The finest films tend to engage fervently with their specific time and place; entertaining the bigger picture as well as those more effectively intimate spaces. For Lee Chandler (Casey Affleck), the solitary sad sack at the heart of Kenneth Lonergan’s devastatingly beautiful MANCHESTER BY THE SEA, the coastal Massachusetts town of the film’s namesake – which he is summoned to upon the death of his brother Joe (Kyle Chandler) – represents the abode of old bones, a wretched abyss from which he never truly escaped.
This painfully resonant examination of grief has the tendency to feel almost operatic – due in no small part to Lesley Barber’s unforgettably somber score – but it is perhaps even more indebted to the director’s history as a successful playwright. With this being his third feature at the helm, it would appear Lonergan has established a comfortable middle ground between naturalism and artifice; conversations and evocatively-lit interiors evoking the essence of a hang-out flick at times, but without the same redemptive tranquility, and the most ample truths are recouped from awkward silence.
Lee seems to carry the weight of the world on his shoulders from the moment he’s introduced, serving the unappreciative tenants of the apartment complex where he works as a janitor. On top of that, his relationship with the bottle proves somewhat detrimental, and agonizing flashbacks bleed into everyday reality so seamlessly, and constantly, that the transitions tend to appear rather subtle at first. It’s only when Lee returns to his home town and discovers that he is to become the legal guardian of his brother’s teenage son Patrick (Lucas Hedges) that the most painful memories of all permeate his psyche once again.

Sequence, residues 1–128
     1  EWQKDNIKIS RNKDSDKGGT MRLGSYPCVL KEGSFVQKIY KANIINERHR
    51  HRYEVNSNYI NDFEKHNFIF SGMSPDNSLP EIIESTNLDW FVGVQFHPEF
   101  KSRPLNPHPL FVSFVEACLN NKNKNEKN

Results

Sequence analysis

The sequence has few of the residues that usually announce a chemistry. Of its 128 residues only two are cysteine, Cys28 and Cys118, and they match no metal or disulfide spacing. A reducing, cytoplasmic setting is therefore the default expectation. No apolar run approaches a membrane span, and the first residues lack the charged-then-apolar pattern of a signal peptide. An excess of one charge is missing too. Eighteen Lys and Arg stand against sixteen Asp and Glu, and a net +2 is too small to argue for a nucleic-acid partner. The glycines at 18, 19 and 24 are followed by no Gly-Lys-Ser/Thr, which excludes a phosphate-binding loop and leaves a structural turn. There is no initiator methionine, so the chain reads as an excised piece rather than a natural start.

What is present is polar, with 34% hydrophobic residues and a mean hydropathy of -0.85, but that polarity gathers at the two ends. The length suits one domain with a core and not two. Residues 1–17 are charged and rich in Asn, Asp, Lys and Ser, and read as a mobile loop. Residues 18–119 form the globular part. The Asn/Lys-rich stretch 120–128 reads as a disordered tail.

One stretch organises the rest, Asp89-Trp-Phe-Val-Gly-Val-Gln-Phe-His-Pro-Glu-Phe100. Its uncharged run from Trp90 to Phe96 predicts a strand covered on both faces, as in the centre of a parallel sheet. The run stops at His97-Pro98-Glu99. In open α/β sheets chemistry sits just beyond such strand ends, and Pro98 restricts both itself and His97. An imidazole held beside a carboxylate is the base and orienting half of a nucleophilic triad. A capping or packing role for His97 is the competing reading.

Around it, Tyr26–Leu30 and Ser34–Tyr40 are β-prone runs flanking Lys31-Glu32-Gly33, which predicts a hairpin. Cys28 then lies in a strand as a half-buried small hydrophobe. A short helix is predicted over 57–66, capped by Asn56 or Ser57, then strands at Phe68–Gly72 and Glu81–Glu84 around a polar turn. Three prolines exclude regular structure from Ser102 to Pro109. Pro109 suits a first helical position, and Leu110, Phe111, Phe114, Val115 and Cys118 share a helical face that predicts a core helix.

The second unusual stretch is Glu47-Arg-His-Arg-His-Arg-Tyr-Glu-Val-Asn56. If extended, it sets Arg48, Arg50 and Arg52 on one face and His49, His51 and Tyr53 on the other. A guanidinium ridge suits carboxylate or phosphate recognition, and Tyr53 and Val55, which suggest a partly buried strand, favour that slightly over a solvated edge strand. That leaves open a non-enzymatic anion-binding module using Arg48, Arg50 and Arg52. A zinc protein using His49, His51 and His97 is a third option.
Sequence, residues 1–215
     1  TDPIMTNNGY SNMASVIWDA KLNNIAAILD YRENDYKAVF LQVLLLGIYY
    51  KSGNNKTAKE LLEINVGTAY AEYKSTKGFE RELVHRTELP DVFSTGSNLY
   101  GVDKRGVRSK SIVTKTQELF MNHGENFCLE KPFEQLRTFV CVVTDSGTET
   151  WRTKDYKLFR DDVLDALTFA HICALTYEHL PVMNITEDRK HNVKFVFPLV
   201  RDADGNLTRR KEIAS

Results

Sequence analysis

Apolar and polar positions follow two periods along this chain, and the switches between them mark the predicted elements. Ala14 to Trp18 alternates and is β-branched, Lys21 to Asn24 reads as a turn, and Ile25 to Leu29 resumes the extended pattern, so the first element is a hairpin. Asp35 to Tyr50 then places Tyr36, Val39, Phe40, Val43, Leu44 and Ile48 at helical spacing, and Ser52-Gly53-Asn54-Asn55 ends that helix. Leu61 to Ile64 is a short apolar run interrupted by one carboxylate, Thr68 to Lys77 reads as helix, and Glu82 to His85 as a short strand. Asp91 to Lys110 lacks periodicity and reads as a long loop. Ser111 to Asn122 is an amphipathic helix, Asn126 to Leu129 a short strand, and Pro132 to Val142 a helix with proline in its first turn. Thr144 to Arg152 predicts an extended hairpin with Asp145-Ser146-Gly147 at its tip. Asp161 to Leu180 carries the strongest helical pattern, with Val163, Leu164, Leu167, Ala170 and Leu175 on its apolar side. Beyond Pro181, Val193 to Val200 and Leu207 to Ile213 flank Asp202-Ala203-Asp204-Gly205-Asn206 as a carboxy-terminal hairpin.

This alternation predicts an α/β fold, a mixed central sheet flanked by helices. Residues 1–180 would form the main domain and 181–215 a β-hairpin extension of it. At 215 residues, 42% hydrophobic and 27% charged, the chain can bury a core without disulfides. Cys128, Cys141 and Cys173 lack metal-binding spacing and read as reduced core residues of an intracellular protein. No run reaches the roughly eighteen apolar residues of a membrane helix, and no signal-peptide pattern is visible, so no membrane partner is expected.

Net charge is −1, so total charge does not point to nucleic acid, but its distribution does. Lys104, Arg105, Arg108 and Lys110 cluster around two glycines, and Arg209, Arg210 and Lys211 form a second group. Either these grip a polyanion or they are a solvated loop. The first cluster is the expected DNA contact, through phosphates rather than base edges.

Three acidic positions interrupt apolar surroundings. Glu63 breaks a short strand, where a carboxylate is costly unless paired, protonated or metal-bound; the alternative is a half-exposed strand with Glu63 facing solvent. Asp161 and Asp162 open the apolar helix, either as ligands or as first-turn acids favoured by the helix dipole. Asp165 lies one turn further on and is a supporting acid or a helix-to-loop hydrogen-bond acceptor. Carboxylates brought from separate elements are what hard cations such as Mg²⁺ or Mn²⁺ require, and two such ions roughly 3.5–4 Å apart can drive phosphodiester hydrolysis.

This extended flashback is as close to a revelatory moment as the viewer is going to get, but granted a better understanding of Lee’s history, it’s much easier to empathize with his plight. He’s simply a man attempting to subvert his sins, stuck in his own moderately self-imposed limbo. For him, Manchester signifies suspicious stares, possibly seeing Randi (Michelle Williams), Lee’s ex-wife who shares in his suffering, on the streets, and having to confront several decades worth of honest failures; it’s no longer just a picturesque setting.
One look into Affleck’s cold, inconsolable eyes inspires immediate compassion; everyone here is marvelous, but he’s never been better, and in less capable hands the character could have been a one trick pony. His world is a deeply disturbed one, and though there’s plenty of comic relief on the road to redemption, it remains a carefully crafted crescendo of melancholy. If it’s even there to begin with, the happy ending is well out of reach, but what Lonergan provides in its place is even more enduring. As a celebration of the little moments that can either make or break who we are – like, for instance, a panic attack brought on by frozen meat – and who we’re meant to be, MANCHESTER BY THE SEA is an invaluable testament to inordinate darkness giving way to understated wisdom as well as progress in its many, obscured forms.